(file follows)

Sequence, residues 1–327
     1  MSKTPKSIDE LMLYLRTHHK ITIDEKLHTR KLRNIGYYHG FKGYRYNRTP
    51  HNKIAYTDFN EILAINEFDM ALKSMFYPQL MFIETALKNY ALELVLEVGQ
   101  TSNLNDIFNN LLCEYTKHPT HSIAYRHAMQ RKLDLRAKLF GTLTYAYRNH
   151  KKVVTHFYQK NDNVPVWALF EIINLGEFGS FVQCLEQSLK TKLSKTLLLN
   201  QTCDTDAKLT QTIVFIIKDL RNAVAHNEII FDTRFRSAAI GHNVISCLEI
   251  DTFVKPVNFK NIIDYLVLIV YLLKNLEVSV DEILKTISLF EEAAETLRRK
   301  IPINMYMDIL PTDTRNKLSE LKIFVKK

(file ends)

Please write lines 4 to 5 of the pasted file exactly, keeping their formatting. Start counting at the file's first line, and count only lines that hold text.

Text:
   101  TSNLNDIFNN LLCEYTKHPT HSIAYRHAMQ RKLDLRAKLF GTLTYAYRNH
   151  KKVVTHFYQK NDNVPVWALF EIINLGEFGS FVQCLEQSLK TKLSKTLLLN